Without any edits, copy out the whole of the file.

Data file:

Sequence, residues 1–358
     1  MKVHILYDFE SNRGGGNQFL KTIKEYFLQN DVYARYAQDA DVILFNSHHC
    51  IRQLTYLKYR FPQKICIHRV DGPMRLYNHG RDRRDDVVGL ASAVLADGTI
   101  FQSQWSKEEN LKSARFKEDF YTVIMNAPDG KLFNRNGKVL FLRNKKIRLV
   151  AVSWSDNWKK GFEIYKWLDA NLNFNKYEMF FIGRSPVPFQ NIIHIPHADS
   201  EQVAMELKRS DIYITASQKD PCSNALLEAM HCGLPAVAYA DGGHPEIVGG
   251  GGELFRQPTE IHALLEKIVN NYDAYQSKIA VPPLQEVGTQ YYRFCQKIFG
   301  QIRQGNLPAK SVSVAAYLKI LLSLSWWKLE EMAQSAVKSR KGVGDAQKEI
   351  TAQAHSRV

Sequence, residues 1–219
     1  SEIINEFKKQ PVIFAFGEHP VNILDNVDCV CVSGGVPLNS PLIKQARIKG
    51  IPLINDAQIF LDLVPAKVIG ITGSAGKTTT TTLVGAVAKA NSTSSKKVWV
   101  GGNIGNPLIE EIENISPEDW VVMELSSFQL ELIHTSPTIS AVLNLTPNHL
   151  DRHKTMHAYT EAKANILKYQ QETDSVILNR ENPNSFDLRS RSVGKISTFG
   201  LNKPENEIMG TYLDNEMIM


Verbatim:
Sequence, residues 1–358
     1  MKVHILYDFE SNRGGGNQFL KTIKEYFLQN DVYARYAQDA DVILFNSHHC
    51  IRQLTYLKYR FPQKICIHRV DGPMRLYNHG RDRRDDVVGL ASAVLADGTI
   101  FQSQWSKEEN LKSARFKEDF YTVIMNAPDG KLFNRNGKVL FLRNKKIRLV
   151  AVSWSDNWKK GFEIYKWLDA NLNFNKYEMF FIGRSPVPFQ NIIHIPHADS
   201  EQVAMELKRS DIYITASQKD PCSNALLEAM HCGLPAVAYA DGGHPEIVGG
   251  GGELFRQPTE IHALLEKIVN NYDAYQSKIA VPPLQEVGTQ YYRFCQKIFG
   301  QIRQGNLPAK SVSVAAYLKI LLSLSWWKLE EMAQSAVKSR KGVGDAQKEI
   351  TAQAHSRV

Sequence, residues 1–219
     1  SEIINEFKKQ PVIFAFGEHP VNILDNVDCV CVSGGVPLNS PLIKQARIKG
    51  IPLINDAQIF LDLVPAKVIG ITGSAGKTTT TTLVGAVAKA NSTSSKKVWV
   101  GGNIGNPLIE EIENISPEDW VVMELSSFQL ELIHTSPTIS AVLNLTPNHL
   151  DRHKTMHAYT EAKANILKYQ QETDSVILNR ENPNSFDLRS RSVGKISTFG
   201  LNKPENEIMG TYLDNEMIM